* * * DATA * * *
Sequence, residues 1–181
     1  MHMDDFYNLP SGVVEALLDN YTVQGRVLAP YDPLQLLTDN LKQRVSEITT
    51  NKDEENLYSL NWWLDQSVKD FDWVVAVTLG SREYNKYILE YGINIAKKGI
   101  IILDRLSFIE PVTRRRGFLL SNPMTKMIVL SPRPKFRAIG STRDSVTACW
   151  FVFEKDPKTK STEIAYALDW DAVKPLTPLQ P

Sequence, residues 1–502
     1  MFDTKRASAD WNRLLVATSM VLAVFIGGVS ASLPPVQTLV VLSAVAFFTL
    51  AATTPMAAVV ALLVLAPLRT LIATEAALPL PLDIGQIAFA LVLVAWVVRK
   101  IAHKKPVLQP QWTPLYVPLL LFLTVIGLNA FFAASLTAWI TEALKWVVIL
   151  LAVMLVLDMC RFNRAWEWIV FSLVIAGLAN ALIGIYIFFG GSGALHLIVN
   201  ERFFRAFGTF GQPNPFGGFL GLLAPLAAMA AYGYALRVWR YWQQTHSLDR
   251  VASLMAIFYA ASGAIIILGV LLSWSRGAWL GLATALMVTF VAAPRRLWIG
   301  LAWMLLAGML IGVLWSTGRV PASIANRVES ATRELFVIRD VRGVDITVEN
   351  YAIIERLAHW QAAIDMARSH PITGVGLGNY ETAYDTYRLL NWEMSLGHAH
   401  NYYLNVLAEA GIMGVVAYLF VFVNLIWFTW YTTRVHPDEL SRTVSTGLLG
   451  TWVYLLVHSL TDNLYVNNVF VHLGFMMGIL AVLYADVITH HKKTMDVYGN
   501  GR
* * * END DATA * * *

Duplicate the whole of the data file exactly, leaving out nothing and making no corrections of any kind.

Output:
Sequence, residues 1–181
     1  MHMDDFYNLP SGVVEALLDN YTVQGRVLAP YDPLQLLTDN LKQRVSEITT
    51  NKDEENLYSL NWWLDQSVKD FDWVVAVTLG SREYNKYILE YGINIAKKGI
   101  IILDRLSFIE PVTRRRGFLL SNPMTKMIVL SPRPKFRAIG STRDSVTACW
   151  FVFEKDPKTK STEIAYALDW DAVKPLTPLQ P

Sequence, residues 1–502
     1  MFDTKRASAD WNRLLVATSM VLAVFIGGVS ASLPPVQTLV VLSAVAFFTL
    51  AATTPMAAVV ALLVLAPLRT LIATEAALPL PLDIGQIAFA LVLVAWVVRK
   101  IAHKKPVLQP QWTPLYVPLL LFLTVIGLNA FFAASLTAWI TEALKWVVIL
   151  LAVMLVLDMC RFNRAWEWIV FSLVIAGLAN ALIGIYIFFG GSGALHLIVN
   201  ERFFRAFGTF GQPNPFGGFL GLLAPLAAMA AYGYALRVWR YWQQTHSLDR
   251  VASLMAIFYA ASGAIIILGV LLSWSRGAWL GLATALMVTF VAAPRRLWIG
   301  LAWMLLAGML IGVLWSTGRV PASIANRVES ATRELFVIRD VRGVDITVEN
   351  YAIIERLAHW QAAIDMARSH PITGVGLGNY ETAYDTYRLL NWEMSLGHAH
   401  NYYLNVLAEA GIMGVVAYLF VFVNLIWFTW YTTRVHPDEL SRTVSTGLLG
   451  TWVYLLVHSL TDNLYVNNVF VHLGFMMGIL AVLYADVITH HKKTMDVYGN
   501  GR